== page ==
Associate Professor of Cognitive Development
Melissa's research interests center on memory development, particularly memory for personal experiences. She has been exploring how parental verbal support may contribute to children's ability to recall the past.
In addition, she is interested in how emotion may affect reports of past experiences and how parents and children talk about these events.
She is currently examining autobiographical memory from a cross-cultural perspective to study how different socialization experiences may relate to the detail included in memory reports.
Memory is not pudding, it is an elephant - while pudding is the same throughout, you cannot generalize across different types of memory. In this course we will discuss the many types of memory we use daily, from remembering the name of a new acquaintance, a favorite concert, or even how to ride a bike. We will explore the constructive nature of memories and how they may change over time as well as how memory capabilities develop over the life course. We will also discuss the neurological underpinnings of memory. However, students do not need to have a background in neuroscience. In addition to reading scholarly research and participating in demonstrations of the various forms of memory and their properties, students will be expected to write a series of brief papers throughout the semester and a larger final research proposal.
In this course students will gain first-hand experience in the process of conducting research in autobiographical memory. Students will be exposed to some of the main issues in autobiographical memory for personal past events throughout the childhood years and into adulthood. We will consider the potential roles of social interaction, self, culture, and emotionality of events as well as developmental changes in autobiographical memory reports. Course requirements will include reading primary research articles, and designing and executing an original research project. This is an intensive course comprising instruction in all areas of the research process, including collection, coding, and analysis of data. Prerequisite: A course in psychology.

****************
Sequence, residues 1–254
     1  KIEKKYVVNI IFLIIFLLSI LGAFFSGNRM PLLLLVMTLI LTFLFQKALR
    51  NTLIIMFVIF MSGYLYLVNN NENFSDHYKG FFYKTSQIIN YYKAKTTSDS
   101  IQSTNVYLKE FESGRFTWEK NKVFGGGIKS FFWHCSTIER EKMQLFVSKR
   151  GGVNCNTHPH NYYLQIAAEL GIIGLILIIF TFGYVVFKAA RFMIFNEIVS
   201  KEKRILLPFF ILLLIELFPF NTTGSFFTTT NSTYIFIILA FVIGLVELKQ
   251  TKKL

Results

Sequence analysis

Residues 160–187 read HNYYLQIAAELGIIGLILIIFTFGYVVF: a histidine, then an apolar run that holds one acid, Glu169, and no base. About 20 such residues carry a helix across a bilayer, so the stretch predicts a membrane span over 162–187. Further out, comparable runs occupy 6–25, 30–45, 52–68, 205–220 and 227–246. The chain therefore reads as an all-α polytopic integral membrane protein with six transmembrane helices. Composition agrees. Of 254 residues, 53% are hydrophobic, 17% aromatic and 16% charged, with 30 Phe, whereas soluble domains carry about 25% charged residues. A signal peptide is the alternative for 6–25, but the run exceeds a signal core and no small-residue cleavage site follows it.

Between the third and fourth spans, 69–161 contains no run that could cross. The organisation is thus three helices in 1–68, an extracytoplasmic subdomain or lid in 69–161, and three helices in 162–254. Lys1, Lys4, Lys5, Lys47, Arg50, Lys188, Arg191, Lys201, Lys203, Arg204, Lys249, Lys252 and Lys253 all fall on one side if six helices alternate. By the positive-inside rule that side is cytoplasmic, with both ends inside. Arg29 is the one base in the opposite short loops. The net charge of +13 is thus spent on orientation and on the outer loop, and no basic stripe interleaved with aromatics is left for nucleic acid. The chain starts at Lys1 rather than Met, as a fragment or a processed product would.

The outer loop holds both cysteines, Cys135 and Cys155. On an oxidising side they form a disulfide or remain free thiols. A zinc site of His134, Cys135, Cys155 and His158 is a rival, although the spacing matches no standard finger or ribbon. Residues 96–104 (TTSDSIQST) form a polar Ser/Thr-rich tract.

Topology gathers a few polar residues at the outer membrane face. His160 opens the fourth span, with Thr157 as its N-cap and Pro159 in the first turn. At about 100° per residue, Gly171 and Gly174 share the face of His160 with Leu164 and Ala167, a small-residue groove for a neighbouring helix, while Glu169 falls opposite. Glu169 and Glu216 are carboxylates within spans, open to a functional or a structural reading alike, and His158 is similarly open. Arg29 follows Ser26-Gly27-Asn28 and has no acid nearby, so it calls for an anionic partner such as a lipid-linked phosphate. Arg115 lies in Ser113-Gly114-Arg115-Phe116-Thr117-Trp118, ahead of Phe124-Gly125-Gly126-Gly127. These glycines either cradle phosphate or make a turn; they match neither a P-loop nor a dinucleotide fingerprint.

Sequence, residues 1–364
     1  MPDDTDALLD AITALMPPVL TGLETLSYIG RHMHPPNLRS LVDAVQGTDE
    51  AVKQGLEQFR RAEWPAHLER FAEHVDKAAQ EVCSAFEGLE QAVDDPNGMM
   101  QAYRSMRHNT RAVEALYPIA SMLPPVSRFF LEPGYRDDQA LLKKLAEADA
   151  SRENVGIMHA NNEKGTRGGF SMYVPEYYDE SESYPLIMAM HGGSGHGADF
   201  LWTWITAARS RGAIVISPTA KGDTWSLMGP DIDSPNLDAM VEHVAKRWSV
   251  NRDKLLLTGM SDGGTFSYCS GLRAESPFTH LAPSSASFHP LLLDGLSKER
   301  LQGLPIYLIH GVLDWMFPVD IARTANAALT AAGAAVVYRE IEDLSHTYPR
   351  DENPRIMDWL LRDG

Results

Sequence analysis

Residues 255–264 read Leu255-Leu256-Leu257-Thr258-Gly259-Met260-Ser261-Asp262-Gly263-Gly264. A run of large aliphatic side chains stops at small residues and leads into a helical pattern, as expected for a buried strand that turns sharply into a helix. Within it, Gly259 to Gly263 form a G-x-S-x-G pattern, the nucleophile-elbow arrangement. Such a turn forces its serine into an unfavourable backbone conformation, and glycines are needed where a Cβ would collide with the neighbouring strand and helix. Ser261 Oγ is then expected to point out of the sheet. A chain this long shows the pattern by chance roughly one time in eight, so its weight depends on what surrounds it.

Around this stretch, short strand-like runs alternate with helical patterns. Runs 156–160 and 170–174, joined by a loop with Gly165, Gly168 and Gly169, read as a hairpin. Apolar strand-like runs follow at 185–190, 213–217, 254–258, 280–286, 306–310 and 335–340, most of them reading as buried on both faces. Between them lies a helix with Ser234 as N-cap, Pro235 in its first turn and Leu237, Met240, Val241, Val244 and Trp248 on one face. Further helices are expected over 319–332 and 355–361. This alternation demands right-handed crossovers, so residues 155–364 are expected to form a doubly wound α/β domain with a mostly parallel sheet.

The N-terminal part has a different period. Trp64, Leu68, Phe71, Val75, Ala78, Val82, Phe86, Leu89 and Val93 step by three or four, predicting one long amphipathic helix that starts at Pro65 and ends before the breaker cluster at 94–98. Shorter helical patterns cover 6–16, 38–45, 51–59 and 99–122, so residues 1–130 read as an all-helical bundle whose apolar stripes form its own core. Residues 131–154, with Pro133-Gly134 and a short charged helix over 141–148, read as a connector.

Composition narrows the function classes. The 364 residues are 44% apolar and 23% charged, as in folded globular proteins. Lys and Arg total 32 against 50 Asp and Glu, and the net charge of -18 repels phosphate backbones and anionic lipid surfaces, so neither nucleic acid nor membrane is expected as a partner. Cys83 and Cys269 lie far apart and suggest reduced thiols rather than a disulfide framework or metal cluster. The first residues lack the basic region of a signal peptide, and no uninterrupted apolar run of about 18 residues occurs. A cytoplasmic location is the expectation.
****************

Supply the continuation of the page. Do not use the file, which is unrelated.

The majority of adults are able to read fluently. However, when children learn to read, the process is dependent on a number of skills and requires a great deal of adult guidance. In this course we will discuss the cultural importance of literacy across societies and throughout childhood. We will focus on the development of the complex skill of reading, including phonemic awareness, phonics, fluency, and higher-order processes that contribute to decoding and text comprehension. Because instruction can play a determining factor in children's acquisition of literacy skills, we will study early reading materials and examine practices that are employed at home and in the classroom to facilitate the acquisition of these skills. We will also collaborate with a local elementary school to develop resources for families to support language and literacy engagement at home. Evaluation will be based on class participation, a series of short papers, and a longer final project.
How does culture influence child development? How do the values, norms, and expectations of a group shape socialization processes? What is the child's role in contributing to social interactions and how might this vary across cultural and social settings? In this course we will move beyond examining group differences to discussing the implications of cultural practices and values for understanding development. We will explore psychological and anthropological literature to consider different perspectives and methodologies to examine how sociocultural context shapes behaviors and development. We will also consider how views of childhood vary across cultures and are reflected in social interactions and cultural routines and systems. Students will be responsible for facilitating discussions, presenting articles, writing short response papers, and completing an integrative final paper on a topic of their choice. A previous course in psychology or childhood studies is required.